The exact origin of soap is unknown, but soap making processes have been traced back to the Egyptians, Romans, and even Babylonians thousands of years ago. Each culture had a slightly different process of mixing animal fats, oils, and other ingredients to make soap-like material. Since then the process has evolved and been refined to make soap as we know and use today. There are a couple main ways that people make soap today, which are hand milled, melt and pour and the cold process.

Melt and Pour:

This process is fairly new compared with other processes and uses premade blocks of glycerin soap melted down. Then preferred scents and colors are added before being poured into a mold to create a bar of soap. Bars can be made fairly easily and ready within an hour.

Hand Milled:

A process when you take pre-made soap fragments and melt them down to create a new bar of soap. Though you avoid working with lye and can create soap fairly quickly, the bar does need to cure for a few weeks before use and can appear lumpy when finished.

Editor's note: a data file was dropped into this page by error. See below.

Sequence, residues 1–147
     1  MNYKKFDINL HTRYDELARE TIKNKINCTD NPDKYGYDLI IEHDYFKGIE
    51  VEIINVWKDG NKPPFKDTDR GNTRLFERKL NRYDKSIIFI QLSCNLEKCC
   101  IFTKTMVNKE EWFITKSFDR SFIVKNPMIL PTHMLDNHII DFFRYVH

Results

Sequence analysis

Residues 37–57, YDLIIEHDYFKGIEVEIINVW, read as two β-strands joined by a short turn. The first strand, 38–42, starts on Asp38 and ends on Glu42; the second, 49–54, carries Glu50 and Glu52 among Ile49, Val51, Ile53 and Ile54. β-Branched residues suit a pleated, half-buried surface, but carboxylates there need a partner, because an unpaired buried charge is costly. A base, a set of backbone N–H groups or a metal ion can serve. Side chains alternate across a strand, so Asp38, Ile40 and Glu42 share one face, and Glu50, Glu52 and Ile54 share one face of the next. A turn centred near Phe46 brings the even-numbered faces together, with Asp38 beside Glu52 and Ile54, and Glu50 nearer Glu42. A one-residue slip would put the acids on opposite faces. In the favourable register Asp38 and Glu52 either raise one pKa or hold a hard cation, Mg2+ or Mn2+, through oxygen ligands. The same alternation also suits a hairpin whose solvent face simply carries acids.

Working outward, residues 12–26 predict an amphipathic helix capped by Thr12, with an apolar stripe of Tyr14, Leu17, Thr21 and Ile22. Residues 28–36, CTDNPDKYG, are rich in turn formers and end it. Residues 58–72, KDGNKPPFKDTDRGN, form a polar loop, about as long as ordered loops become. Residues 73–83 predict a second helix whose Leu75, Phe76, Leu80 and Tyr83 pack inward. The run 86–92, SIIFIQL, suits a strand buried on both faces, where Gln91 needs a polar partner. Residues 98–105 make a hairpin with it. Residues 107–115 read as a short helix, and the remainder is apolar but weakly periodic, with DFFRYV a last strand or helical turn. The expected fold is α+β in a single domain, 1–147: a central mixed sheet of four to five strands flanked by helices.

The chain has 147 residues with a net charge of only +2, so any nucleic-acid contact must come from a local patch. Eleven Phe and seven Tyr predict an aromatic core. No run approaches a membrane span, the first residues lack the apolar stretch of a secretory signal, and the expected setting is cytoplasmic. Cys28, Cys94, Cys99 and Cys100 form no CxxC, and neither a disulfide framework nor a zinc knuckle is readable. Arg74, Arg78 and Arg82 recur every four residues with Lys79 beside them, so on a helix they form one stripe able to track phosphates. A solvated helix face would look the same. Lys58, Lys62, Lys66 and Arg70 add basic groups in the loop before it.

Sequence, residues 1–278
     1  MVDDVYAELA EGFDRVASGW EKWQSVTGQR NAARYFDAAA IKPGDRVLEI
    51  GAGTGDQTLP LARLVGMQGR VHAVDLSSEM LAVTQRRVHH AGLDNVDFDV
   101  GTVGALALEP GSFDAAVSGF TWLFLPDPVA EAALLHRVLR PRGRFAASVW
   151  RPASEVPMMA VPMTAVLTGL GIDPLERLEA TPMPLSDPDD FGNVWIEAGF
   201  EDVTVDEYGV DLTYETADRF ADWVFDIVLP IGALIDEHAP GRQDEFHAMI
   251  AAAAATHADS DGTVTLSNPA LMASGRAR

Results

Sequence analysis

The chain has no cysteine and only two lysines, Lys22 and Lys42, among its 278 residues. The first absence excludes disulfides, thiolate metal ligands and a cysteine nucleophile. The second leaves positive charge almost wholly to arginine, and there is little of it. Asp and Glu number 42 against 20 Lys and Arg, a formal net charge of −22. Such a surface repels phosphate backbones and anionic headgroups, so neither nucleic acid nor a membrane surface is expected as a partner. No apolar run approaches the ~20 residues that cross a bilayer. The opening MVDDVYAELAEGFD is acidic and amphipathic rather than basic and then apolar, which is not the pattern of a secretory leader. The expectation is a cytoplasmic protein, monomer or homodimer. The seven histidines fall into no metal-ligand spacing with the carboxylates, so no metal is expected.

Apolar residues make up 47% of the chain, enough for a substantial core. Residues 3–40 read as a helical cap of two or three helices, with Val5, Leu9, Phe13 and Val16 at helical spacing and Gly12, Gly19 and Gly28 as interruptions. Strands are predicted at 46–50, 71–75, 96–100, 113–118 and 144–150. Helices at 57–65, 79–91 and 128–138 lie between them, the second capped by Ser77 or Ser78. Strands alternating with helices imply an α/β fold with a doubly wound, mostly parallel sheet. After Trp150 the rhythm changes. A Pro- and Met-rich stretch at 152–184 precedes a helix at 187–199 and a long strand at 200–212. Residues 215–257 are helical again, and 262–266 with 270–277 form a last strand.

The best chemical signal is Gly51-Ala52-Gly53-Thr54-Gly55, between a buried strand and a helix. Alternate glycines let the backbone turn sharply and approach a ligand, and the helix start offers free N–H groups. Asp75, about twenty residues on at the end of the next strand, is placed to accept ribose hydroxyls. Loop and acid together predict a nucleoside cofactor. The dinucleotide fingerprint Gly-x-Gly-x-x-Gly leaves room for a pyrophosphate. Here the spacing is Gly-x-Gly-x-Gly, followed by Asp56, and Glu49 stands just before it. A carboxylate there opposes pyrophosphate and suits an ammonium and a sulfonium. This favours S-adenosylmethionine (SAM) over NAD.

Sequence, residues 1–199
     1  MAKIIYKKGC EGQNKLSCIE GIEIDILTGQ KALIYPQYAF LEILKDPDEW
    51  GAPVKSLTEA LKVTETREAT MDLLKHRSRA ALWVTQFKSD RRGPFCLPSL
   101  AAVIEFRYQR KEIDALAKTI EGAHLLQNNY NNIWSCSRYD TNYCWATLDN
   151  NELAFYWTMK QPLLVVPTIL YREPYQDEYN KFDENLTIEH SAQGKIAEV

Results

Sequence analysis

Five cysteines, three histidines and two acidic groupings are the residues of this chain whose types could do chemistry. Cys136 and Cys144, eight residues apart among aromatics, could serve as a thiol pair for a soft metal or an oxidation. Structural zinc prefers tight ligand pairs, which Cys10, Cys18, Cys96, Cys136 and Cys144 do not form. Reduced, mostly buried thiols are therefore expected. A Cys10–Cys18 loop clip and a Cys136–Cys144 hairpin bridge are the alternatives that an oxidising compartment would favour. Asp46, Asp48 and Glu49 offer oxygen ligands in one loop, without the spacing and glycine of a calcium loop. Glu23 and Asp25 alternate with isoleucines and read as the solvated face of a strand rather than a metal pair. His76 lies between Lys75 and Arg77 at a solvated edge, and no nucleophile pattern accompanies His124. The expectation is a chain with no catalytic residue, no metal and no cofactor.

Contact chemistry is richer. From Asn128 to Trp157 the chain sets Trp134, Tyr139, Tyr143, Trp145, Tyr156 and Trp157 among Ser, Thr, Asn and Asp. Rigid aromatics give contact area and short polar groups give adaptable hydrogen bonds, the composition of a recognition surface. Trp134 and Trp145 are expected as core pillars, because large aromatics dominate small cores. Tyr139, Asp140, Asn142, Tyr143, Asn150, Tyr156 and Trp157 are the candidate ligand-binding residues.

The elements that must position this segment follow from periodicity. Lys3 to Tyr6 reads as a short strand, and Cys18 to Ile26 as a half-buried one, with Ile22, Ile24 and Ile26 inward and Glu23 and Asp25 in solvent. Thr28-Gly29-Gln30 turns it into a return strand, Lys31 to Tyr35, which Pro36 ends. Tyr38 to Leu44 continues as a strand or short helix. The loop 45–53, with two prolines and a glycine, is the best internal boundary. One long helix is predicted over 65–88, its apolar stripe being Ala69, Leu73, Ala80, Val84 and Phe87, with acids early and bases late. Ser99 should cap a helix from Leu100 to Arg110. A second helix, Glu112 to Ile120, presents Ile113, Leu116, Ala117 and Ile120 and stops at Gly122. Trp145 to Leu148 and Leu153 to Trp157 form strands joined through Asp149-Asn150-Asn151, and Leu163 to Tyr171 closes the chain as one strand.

Cold Process:

The most basic way of creating soap through mixing of tallow, lard, or different oils with lye dissolved in water. Once mixed together, the ingredients are stirred causing a chemical reaction called saponification. If done correctly there will be no free lye when the bar of soap is complete.

All of these different processes of creating soap have different pros and cons.

Some ways are faster, but may create lesser quality of soap. Others create better quality, but deal with lye, which is a caustic material and must always be handled with caution. Whichever style of soap you decide to do, you can make it your own. Different scents, colors and patterns can be created to give the soap a unique style to you. So be creative and don’t be afraid to try new things!


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